White cetaceans are rare, but they have been reported for many species, such as the killer whale (Renner and Bell 2008) and the bottlenose dolphin (Fertl et al. 1999). Fertl et al. (2004) reviewed the occurrence of anomalously white cetaceans, indicating that this characteristic has been observed in 20 cetacean species. Recent records included Megaptera novaeangliae (Forestell et al. 2001), Stenella attenuata graffmani (Fertl et al. 2004), and Sotalia guianensis (Nascimento et al. 2008). However, this is the first case of a white franciscana dolphin. This coloration has never been reported despite the high number of dead franciscanas recovered each year over the species range resulting from accidental capture in fishing nets (Secchi et al. 2003). This fact leads us to believe that this is a very rare characteristic for this species.

Mammalian coloring is almost entirely the result of presence or absence of the pigment melanin in the skin, hair and eyes. Albinism is the term applied to the group of genetically determined disorders of the melanin pigmentary system. All forms of albinism are characterized by nystagmus, hypoplasia of the fovea, photophobia and decreased visual acuity (Kinnear et al. 1985). Different reasons could be attributed to changes in coloration like the one reported here. Hypo-pigmentation has been mainly attributed to a genetic hereditary deficiency involving the metabolism of melanin during prenatal development (Wagner and Mitchell 1964, Breathnock 1969), or changes in melanocyte development altering the spatial distribution or density of pigmentation across the body (Hoekstra 2006). Albinism is a condition found throughout the animal kingdom, including fishes, amphibians, reptiles, birds, and mammals (Kinnear et al. 1985).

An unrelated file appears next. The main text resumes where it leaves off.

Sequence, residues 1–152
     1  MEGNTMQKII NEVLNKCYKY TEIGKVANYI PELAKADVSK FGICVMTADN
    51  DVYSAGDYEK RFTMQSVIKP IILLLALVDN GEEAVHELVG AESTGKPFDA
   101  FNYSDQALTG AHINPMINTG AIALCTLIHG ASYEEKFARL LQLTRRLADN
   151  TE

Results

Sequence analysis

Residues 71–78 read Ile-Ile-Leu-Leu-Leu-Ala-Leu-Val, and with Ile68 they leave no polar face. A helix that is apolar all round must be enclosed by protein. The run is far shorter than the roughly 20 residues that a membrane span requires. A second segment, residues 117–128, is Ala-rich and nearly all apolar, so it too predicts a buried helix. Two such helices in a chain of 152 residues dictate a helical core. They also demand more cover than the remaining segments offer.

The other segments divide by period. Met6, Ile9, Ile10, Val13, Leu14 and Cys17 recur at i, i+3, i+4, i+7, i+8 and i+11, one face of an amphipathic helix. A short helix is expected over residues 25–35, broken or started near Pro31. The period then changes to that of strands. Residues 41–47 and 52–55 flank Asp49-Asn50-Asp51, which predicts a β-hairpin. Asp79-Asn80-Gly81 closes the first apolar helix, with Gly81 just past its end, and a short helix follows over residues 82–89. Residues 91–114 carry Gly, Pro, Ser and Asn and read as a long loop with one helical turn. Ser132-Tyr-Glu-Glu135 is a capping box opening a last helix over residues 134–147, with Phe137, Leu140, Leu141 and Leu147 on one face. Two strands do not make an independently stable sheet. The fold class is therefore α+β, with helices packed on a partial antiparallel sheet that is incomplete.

It was not possible to see the calf's eye color, but this feature is not decisive in defining an albino. The “pink-eyed” appearance is characteristic in one type of albinism, the tyrosinase-negative oculocutaneous albinism, when iris translucency produces this form of the disorder (Kinnear et al. 1985), and many humans with albinism have blue or brown eyes. We considered the possibility that this franciscana could be an albino dolphin.